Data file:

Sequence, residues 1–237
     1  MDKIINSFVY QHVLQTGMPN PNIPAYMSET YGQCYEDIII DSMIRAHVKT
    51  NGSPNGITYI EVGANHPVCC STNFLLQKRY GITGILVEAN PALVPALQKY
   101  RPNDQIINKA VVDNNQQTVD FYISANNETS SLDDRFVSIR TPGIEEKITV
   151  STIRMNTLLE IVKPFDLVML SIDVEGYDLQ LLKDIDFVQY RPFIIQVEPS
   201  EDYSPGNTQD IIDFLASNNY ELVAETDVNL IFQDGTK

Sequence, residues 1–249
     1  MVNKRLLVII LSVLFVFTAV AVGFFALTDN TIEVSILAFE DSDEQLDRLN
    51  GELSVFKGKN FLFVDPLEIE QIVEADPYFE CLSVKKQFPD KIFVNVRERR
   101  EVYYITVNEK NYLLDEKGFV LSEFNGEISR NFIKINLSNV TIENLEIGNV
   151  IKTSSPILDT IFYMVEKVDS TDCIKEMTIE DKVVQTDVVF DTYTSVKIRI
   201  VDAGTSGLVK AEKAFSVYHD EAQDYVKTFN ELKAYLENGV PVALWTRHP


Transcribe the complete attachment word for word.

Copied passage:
Sequence, residues 1–237
     1  MDKIINSFVY QHVLQTGMPN PNIPAYMSET YGQCYEDIII DSMIRAHVKT
    51  NGSPNGITYI EVGANHPVCC STNFLLQKRY GITGILVEAN PALVPALQKY
   101  RPNDQIINKA VVDNNQQTVD FYISANNETS SLDDRFVSIR TPGIEEKITV
   151  STIRMNTLLE IVKPFDLVML SIDVEGYDLQ LLKDIDFVQY RPFIIQVEPS
   201  EDYSPGNTQD IIDFLASNNY ELVAETDVNL IFQDGTK

Sequence, residues 1–249
     1  MVNKRLLVII LSVLFVFTAV AVGFFALTDN TIEVSILAFE DSDEQLDRLN
    51  GELSVFKGKN FLFVDPLEIE QIVEADPYFE CLSVKKQFPD KIFVNVRERR
   101  EVYYITVNEK NYLLDEKGFV LSEFNGEISR NFIKINLSNV TIENLEIGNV
   151  IKTSSPILDT IFYMVEKVDS TDCIKEMTIE DKVVQTDVVF DTYTSVKIRI
   201  VDAGTSGLVK AEKAFSVYHD EAQDYVKTFN ELKAYLENGV PVALWTRHP